We love our chickens. They were the first farm animals that we decided to raise. They are very easy to raise and forgiving of beginners mistakes as long as they have a safe and secure place to call home and access to good food. Although we love our chickens we did raise them to have a supply of free range, organic eggs. Eggs can become very expensive if you buy everything at the store. You could feed a run of the mill feed from a feed store but I like to have more control. Here is how we raise frugal chickens.

There is no food in my house that goes to waste. If we can eat it then they can too. We keep a container with a lid on the counter affectionately known as the chicken bucket and everyone including visitors know to put all uneaten food into the chicken bucket.

Since my chicken free range they have access to bugs, greens and flowers all day. To supplement their feed I grow a few things for them and us. Purslane is wonderful, it grows itself and I love it as much as the chickens do. It is considered a weed in most places and is so nutritious. Perenial peanut, New Zealand spinach vine, millet, sunflowers, grape vines and duckweed are very good for them and simple to grow anywhere.

You do not have to buy calcium for your chickens in the form of oyster shell, unless you want to. We save our egg shells in the freezer and when I have enough and am putting something else into the oven, I bake them for 20 minutes or so and then pulverize them. Free calcium.

I also feed them mung bean sprouts. A little bag turns into a whole lot of sprouts and they love them. I already buy it for my family so it is not that much of an extra expense. No sprout jar is necessary I just use a mason jar with cheesecloth as a lid or I use a wash cloth which I crocheted on a plate with some water and everyday I make sure it is not dry. In a few days they sprout and I am done.

We built a bin right underneath our bunny hutch to catch their poop. Earthworms love this set up and when there are way too many, the chickens get to have some. Free protein.

There are so many ways to raise chickens frugally and I hope to post many more in the future.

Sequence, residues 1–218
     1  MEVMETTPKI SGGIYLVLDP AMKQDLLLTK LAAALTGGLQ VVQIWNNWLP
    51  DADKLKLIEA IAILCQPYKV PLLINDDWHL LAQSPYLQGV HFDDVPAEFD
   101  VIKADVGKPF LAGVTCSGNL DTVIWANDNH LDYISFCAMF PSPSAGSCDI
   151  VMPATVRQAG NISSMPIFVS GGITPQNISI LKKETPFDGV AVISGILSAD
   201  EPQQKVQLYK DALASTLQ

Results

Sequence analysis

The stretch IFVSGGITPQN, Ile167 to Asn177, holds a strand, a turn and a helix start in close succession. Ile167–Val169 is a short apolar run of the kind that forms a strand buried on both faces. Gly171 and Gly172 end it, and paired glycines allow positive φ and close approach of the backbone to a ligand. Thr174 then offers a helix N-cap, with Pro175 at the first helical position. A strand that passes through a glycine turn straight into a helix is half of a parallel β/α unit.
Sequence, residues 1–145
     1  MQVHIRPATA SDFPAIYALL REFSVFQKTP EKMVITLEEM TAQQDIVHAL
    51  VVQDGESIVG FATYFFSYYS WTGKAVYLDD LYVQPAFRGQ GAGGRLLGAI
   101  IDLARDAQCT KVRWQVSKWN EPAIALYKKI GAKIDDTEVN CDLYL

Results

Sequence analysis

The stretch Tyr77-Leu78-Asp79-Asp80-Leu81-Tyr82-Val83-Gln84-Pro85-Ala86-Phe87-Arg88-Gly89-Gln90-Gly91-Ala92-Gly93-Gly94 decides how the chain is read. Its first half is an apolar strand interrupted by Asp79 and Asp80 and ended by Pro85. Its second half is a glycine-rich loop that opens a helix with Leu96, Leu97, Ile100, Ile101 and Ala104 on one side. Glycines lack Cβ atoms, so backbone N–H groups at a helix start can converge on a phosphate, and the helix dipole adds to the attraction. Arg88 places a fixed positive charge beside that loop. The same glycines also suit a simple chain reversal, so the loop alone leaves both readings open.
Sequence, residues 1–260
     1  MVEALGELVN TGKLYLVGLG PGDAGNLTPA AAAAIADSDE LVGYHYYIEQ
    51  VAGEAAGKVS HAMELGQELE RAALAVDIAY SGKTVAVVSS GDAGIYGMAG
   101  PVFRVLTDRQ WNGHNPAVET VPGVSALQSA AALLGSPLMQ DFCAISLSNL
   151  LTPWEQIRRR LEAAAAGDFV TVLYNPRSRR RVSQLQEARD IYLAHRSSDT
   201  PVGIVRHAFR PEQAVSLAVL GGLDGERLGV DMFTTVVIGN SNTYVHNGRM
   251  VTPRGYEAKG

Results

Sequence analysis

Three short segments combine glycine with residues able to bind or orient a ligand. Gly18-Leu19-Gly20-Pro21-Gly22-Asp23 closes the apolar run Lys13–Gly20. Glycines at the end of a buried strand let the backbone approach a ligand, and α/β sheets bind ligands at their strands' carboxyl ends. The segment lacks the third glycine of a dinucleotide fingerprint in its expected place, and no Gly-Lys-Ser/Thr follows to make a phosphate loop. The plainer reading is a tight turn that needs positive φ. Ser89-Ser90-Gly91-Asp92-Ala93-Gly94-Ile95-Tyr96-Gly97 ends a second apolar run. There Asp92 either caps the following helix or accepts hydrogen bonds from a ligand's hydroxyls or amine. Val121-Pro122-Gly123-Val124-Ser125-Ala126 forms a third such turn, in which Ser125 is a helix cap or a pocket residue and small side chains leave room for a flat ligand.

I am by no means a chicken expert and have only been doing so for 3 years. If you want to add to this thread or share some more ideas I would love to hear them. These ideas are just that and they are what has worked for us.

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Homeschooling mother of 8 living on a small 3 acre suburban farm. Three years ago we sold our home in the city and moved 300 miles to live a our grandparents would recognize. To live a simpler life we aspire to buy, consume and waist less. We make alot of our own clothes and our nest is largely feathered by handmade things. We raise chickens, ducks, rabbits, catfish, a miniature cow and a trusty Golden Retriever keeps things interesting. Everything from our herb garden to flower gardens are edible. We try to grow things that are new to us. By growing forgotten plants from other parts of the world we are able to expand our culinary point of view as well as our growing season to almost year round. I love to sew, paint, crochet and garden but really I never met a craft I didn't like. To help my hubby with the bills I am a cake designer and can make most any idea into a edible reality. You can learn more about my little life at my blog: www.crunchycatholicmomma.blogspot.com


  1. How do you keep flies at bay? We live on some family’s land and want chickens. They already have horses and are afraid of adding to the battle against the flies.

  2. If you are not against some daily work, I find that cleaning up after my chickens on a daily basis goes a long way in keeping the fly population down. My chickens have their nesting boxes and roost in an extra horse stall in our barn. The floor is covered with a rubber stall mat and then pine shavings are on top (just like for the horses.) The chickens roost was created by my very clever husband and makes cleaning up after them much easier. The roost looks a bit like a section of bleachers in a stadium with chicken wire under the roosts (“bleacher seats”) and an old piece of metal roofing (salvaged from building the goats house) underneath. So, the chickens roost at night, their poop falls through the wire to the metal roofing sheet below. In the morning, when the girls go out, I scrub the entire roost with soap and water and pull the metal “tray” out from the bottom, scrape the manure into a muck bucket and add it to the spreader with the horses and goats manure for spreading around the farm where needed. During high summer, I also use a natural product called “Stall Guard” which is supposed to dissolve the urine of horses and, thus, limit the fly attraction to the area. I’m not sure if it is intended for use with chickens but I have noticed no ill effects and it does seem to help keep the flys down. Of course, I also pick up and manure on the ground but they do the vast majority of their pooping on the roost at night. Most importantly, I think keeping your animals living area (whatever they are) as clean as possible is the best way to keep not only pests but disease and illness away. I hope this helps! You will never regret living with chickens. They bring us such tremendous joy every day!

  3. Put a lining of mulch/green sand/etc. on the catch tray under the roosts – it makes it a bit easier to clean, and absorbs the liquids. A bit of wood ash also helps.


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